Pacifism Kills





About 450 Moriori from as far away as Australia have descended on New Zealand’s Chatham Islands to celebrate the opening of the first ever Moriori marae…


The celebration … will be followed by a renewal of a 500-year-old covenant known as Nunuku's law of non-violence - which forbade bloody conflict - last renewed in the same year - 1835…


A recent ‘feel-good’ story in the New Zealand press answers a question that should interest many libertarians: What would happen to a culture if it renounced its violent past and chose instead to walk the path of pacifism and ‘non-violence’?


As the history of the Moriori culture demonstrates, such a culture would be choosing its own destruction.


On ten small islands several hundred miles off the coast of New Zealand, such a path was chosen by the Moriori after several centuries of destructive fighting and rampant cannibalism. However Nunuku’s Law, as that code of ‘non-violence’ became known, did not distinguish between force used in one’s defence and force used in the pursuit of conquest. It proved a fatal flaw.


It was this failure to distinguish between two types of force that led to the literal annihilation of the Moriori, for in 1835 they were invaded by a neighbour that embraced the latter view, and – with the exception of a few that were enslaved or kept as “food stock” – they were wiped out.


Of the 2000 or so Moriori who had enjoyed their ‘non-violent’ life in the Chatham Islands, only 101 were left. One would hope that among today’s 450 descendants at least one might question the renewal of a cultural code that led to that culture’s obliteration – but one would look in vain. In the culture of today in which non-violence and self-sacrifice are the leading ethical standards, instead of learning from history we find people praising such a ‘forward-thinking’ practice. “They lived and they died in a way that protected their honour and expressed their deepest cultural and spiritual beliefs,” was a recent nauseating tribute from an especially nauseating New Zealand Governor-General, Sir Paul Reeves.


“"To lay down one's life for what one considers to be right is the very core of satyagraha [resistance by non-violent means] . . . [In non-violence] the bravery consists in dying, not in killing." So said Mohandas (Mahatma) Gandhi, still one of the apostles of non-violence. To embrace one’s own destruction, one might paraphrase, one must be brave. Or stupid. Or a reader of Lew Rockwell.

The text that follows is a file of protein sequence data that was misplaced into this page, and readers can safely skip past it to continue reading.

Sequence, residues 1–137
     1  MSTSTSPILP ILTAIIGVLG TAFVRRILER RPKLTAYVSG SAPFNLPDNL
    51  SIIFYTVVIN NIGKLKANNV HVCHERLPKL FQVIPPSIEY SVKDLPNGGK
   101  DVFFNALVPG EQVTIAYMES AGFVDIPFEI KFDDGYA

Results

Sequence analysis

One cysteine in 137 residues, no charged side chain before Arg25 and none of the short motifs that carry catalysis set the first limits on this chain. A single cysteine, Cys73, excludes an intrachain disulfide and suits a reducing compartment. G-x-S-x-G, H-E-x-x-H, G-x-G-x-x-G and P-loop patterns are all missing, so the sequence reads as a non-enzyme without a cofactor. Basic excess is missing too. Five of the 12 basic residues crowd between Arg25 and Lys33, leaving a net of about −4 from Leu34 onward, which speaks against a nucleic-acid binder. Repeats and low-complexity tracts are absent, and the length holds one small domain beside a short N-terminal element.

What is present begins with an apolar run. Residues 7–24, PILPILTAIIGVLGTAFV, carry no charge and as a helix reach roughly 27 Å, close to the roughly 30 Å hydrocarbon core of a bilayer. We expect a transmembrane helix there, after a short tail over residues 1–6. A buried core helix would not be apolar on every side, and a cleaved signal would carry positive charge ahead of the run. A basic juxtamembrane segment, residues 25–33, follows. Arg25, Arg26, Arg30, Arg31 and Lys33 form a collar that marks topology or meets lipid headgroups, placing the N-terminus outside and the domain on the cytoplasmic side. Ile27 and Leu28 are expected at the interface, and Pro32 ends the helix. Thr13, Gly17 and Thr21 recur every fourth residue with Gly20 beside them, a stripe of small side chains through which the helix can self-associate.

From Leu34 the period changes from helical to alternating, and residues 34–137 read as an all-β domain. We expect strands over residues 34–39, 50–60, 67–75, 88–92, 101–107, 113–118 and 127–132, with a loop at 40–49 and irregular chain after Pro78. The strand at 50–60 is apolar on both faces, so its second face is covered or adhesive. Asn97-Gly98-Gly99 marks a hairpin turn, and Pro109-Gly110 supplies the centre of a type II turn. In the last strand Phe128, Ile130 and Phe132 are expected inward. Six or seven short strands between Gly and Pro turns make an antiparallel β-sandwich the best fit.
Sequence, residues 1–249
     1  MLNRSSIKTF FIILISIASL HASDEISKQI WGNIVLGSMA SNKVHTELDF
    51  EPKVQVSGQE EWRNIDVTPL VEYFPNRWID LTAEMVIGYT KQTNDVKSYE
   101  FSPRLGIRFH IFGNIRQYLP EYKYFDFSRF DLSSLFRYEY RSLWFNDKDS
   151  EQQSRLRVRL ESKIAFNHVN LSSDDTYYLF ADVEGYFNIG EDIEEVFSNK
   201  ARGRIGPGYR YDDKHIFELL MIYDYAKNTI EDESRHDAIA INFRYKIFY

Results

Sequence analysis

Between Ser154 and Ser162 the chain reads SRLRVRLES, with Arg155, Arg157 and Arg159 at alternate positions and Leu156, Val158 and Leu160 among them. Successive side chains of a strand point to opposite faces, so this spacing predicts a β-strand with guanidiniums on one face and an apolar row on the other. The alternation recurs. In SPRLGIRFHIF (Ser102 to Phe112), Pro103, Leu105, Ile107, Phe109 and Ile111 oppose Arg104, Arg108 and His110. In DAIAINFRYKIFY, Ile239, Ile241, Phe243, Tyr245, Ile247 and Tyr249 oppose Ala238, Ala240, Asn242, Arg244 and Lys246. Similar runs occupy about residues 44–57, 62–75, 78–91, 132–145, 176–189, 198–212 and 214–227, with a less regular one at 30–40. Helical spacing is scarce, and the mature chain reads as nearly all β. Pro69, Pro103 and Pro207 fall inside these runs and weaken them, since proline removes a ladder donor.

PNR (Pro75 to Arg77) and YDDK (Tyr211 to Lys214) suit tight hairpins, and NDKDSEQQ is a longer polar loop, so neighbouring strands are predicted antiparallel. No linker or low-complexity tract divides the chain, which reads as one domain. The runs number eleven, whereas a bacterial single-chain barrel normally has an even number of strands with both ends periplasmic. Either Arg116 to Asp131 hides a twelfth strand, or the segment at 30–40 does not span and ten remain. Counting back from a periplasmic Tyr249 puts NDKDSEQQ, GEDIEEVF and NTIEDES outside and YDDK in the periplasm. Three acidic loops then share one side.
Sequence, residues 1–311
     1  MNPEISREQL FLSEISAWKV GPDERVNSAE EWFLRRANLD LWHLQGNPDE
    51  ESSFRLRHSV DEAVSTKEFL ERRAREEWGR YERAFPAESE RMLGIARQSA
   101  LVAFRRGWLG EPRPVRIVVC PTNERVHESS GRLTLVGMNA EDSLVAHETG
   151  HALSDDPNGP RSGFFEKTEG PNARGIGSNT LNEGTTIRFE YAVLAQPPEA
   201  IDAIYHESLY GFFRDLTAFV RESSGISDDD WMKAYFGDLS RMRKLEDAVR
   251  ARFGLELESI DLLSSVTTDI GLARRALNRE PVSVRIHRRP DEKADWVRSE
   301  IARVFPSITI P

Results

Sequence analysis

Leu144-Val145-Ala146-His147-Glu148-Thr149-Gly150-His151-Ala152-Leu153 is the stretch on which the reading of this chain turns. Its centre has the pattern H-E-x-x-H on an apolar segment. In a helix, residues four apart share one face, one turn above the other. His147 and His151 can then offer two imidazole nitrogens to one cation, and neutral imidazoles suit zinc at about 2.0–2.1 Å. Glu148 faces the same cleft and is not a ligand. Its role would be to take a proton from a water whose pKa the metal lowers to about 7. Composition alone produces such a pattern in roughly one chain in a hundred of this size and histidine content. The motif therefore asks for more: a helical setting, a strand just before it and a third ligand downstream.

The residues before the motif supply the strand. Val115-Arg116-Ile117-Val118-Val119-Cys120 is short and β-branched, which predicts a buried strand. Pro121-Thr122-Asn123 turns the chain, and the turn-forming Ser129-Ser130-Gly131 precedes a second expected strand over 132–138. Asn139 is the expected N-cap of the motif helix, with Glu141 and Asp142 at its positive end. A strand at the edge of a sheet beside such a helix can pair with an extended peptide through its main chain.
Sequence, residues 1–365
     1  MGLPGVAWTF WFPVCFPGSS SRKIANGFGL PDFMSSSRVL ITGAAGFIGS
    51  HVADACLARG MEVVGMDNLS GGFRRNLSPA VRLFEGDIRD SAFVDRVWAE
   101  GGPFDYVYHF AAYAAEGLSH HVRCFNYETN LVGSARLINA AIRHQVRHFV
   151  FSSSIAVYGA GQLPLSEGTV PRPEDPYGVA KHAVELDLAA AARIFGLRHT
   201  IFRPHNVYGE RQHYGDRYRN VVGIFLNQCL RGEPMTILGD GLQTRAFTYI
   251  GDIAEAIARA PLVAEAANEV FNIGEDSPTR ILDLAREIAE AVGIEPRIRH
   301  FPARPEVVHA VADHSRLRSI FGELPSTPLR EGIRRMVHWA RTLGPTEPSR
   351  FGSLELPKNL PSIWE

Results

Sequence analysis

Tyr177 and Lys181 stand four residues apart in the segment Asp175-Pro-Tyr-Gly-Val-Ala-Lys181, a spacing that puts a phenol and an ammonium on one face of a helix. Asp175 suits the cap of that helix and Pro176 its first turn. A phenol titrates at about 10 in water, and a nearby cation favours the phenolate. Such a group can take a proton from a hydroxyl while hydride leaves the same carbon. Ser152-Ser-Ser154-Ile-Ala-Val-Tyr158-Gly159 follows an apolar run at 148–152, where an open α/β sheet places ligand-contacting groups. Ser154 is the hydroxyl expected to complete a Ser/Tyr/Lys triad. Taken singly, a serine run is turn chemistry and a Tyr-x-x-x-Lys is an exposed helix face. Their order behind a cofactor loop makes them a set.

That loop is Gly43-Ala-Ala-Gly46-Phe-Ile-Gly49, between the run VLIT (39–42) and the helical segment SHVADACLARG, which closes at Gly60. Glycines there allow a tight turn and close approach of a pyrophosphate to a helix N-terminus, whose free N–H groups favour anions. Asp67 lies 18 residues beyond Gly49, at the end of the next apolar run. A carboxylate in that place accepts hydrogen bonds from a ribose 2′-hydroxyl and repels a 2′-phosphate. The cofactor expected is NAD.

For as Moriori biographer Michael King observes approvingly, "The Moriori had learned a tactical and philosophical truth that was to be articulated by other people from other cultures in the twentieth century: non-violence is an effective weapon only against an adversary who shares your conscience." Gandhi was lucky in his adversary – the Moriori were not.


Their invader, two Maori tribes from nearby New Zealand, had never embraced the foolish notion that non-violence could have mana, or prestige. Maori fought for sport, and engaged in the ritual enslavement and cannibalism of one’s defeated foe. Accordingly, in the words of one of the invaders, Rakatau Katihe:

"We took possession ... in accordance with our customs and we caught all the people. Not one escaped. Some ran away from us, these we killed, and others we killed - but what of that? It was in accordance with our custom... I am not aware of any of our people being killed by them."


As one historian says (also approvingly), “Moriori stayed true to their moral imperative, Nunuku's law of non-violence, even as they and their families were being bludgeoned and speared to death. That is not to say they were not terrified, but their fortitude and courage must have been phenomenal. Pacifism in the face of sure death is hard to imagine.”


Pacifism in the face of sure death is not just hard to imagine, it is suicidal. To choose such a course with one’s eyes wide open, or to advocate such a course for others to follow, is not just wrong, it is evil.


Pacifism kills. When you doubt that, remember the Moriori. As P.J. O’Rourke once suggested so eloquently, in combating the many evils in the world “people sometimes have trouble deciding whom to shoot” – they should realise nonetheless that at times in the battle against evil that war is the most humane option. At such times, we must give war a chance.


Now is such a time.